–by Janyne A. McConnaughey, Ph.D. originally published June 21, 2017 on Janyne’s blog I stood in the doorway. I was very small, maybe two. I was sucking on my two middle fingers and watching my mother in the kitchen. I was forbidden from entering. Then I did the unthinkable. I stepped over the imaginary line and asked for a cookie. The response was not a positive one, but what strikes me most is how I felt
–by Donald Craig Peterson Manager’s note: you can read the original post on Craig’s own blog, Adopting Faith: A Father’s Unconditional Love. Craig also has a forthcoming memoir, Adopting Faith: A Father’s Unconditional Love, and you can follow his son Andrew’s story by clicking “Like” on the Facebook page, Andrew Peterson Goes for the Gold. ____________ The past month at my house has been rough. More surprises than usual. And not the pleasant variety. To be honest, I’ve been
–by Julie Beem In my last post, I wrote about a mom in search of an appropriate consequence for her daughter’s misbehavior at school. I suggested that an at-home consequence (taking away Wednesday night church activities) for an in-school behavior might not be the best approach, in part because children with brains affected by trauma lack neurotypical cause-and-effect thinking. Today, I’m going to address two other reasons such consequences usually don’t work. First of all,
–by Janyne McConnaughey, Ph.D. The doctor my parents took me to was wise beyond his era. He said, “She seems to be a bit anxious about school. Maybe it would help to keep her home for a week.” My first-grade report card proves that his advice was taken. In the midst of almost perfect attendance, there was an anomaly. It was called trauma. I used to tell a story about that year, a story I
–By Julie Beem A mother called me a while back. “What consequence can I give her?” she started, “She just won’t behave at school and the teacher keeps sending home notes. The only thing I can think of, the only thing she seems to enjoy is going to our church’s Wednesday night events. If I take this away, will she understand and start behaving?” Hmmm…this type of consequence makes logical sense in typical parenting world.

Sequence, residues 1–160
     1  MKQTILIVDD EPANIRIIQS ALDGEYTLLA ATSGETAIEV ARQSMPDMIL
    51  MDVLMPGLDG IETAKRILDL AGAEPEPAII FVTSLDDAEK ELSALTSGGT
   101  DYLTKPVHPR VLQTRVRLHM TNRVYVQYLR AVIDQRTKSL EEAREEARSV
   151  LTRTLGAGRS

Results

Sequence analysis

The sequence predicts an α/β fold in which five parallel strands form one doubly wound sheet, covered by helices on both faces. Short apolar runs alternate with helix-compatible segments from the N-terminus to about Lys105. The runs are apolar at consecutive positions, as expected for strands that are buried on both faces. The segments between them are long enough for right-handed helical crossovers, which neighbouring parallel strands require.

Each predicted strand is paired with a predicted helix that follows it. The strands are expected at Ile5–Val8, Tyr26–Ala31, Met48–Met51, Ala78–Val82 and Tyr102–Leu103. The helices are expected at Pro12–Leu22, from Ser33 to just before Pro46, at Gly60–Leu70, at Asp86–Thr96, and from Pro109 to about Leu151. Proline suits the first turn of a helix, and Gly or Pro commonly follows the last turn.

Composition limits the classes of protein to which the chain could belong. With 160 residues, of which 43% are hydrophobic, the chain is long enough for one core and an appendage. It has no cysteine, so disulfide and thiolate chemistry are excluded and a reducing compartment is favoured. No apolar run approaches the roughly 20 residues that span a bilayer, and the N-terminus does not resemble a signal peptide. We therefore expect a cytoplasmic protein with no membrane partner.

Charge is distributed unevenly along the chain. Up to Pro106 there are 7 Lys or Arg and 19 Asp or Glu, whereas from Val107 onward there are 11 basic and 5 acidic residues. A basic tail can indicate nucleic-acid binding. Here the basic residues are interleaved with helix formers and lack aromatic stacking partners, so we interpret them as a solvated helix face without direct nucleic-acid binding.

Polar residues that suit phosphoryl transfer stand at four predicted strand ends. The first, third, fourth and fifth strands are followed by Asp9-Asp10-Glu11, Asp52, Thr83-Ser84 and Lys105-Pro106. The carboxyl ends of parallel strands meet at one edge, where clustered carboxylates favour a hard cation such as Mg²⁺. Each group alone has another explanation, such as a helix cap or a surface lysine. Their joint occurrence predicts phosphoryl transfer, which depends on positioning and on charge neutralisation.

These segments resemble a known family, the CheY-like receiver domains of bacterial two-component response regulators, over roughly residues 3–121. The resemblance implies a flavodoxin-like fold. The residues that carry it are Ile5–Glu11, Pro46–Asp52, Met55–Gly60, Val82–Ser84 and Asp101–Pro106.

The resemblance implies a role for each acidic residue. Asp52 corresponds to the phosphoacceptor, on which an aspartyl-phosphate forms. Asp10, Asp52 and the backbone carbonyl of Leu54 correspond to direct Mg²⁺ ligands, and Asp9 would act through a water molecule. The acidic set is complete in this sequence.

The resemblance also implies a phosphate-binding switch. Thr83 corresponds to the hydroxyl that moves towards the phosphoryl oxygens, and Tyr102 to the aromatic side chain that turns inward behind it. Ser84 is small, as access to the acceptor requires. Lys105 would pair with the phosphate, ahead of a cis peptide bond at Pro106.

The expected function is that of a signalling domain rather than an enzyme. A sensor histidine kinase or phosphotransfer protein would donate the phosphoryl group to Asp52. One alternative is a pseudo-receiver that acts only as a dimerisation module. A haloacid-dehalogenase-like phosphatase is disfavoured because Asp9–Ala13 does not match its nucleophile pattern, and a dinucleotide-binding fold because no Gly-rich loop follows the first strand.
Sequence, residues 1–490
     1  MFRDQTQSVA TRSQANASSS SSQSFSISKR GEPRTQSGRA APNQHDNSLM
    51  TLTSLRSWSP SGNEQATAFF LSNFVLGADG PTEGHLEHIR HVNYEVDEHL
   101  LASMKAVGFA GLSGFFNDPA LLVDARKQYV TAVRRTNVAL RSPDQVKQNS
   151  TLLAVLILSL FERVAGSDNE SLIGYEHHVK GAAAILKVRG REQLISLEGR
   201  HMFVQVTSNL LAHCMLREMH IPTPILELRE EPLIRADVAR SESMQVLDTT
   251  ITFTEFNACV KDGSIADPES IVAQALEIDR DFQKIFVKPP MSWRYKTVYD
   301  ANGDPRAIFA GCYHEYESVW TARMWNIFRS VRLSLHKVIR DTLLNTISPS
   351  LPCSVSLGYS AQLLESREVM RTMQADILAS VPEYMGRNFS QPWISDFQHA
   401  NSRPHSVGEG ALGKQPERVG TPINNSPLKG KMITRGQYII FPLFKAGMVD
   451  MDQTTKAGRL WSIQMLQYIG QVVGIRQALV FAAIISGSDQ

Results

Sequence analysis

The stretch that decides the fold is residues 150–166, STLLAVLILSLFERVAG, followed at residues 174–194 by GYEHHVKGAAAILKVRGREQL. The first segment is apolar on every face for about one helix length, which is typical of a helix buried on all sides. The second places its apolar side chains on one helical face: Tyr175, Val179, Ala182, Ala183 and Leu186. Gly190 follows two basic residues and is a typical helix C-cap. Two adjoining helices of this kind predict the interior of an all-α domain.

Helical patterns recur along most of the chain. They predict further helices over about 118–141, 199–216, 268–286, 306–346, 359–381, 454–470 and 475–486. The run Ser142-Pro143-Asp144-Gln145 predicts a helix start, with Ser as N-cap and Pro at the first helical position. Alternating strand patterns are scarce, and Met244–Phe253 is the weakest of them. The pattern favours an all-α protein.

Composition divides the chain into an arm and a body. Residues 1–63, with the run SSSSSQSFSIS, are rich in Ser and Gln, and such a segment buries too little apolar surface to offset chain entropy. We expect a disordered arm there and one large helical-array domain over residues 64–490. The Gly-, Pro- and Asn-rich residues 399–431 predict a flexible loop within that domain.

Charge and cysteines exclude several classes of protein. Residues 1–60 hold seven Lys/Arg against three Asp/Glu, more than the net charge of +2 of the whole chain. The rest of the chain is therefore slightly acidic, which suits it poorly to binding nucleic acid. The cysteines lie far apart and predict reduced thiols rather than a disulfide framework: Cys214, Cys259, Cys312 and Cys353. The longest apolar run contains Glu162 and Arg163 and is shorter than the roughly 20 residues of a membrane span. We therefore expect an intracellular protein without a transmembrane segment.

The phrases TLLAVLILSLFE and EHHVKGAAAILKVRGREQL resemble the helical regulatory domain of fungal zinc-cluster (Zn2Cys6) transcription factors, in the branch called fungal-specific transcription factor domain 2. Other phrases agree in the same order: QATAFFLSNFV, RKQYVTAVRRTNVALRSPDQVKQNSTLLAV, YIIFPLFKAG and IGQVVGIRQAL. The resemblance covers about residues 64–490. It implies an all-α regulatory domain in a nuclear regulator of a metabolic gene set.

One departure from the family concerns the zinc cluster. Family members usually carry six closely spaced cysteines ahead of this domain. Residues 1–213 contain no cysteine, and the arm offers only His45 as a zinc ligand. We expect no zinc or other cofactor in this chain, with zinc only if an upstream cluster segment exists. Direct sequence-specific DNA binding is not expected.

–by Laura Dennis Author’s note: I was working on an entirely brand-new post for this week, but life happened. I present instead an edited version of a a post I wrote for my own blog, Les Pensées du chat noir, in honor of National Attachment and Trauma Awareness Day, 2015. You can learn more at the NATA website. In 2015, my family did more than their fair share to keep doctors in business. Whether it be broken
–by Lorraine Fuller If you live in a house with trauma, you know that not all seasons are created equal. Most kids do better with a regular routine, but especially special needs kids. As parents of those special kiddos, we learn how to tiptoe around holidays and traditions. We often clash with relatives, neighbors or teachers in our efforts to protect our children from the damaging effects of those special days. This means that holidays we
–by Julie Beem There’s a phrase my daughter spits out in anger and rage. One that does not contain obscenities or obvious threats, but still strikes fear in my heart. The phrase is, “It’s Just Like Mother’s Day!” She usually says this through gritted teeth in almost a growl-like tone with her face contorted. Even those who have no frame of reference can tell that she does not have a sweet, positive memory of Mother’s Day.
Manager’s Note: Back in February, we published a guest post by “Emerging Mama” Monica. It was so popular that we decided to try another. Please visit Monica and see all the good things she has to say at http://emergingmama.com/, where you will find, among other things, the original version of the post that follows, which was written back in January, but will ring just as true today as it did then. —– PARENTING TRAUMA REQUIRES A MAJOR
Blog manager’s note: Due to the sensitive nature of this post, ATN has decided, as an exception to our usual practice, to allow the contributing blogger to publish this post anonymously and without images. We trust that our readers will understand. Most parents hear about a school shooting and cry because they realize their kids could have been the victims. I cry because my kid could be a shooter. Don’t worry: he’s not. We take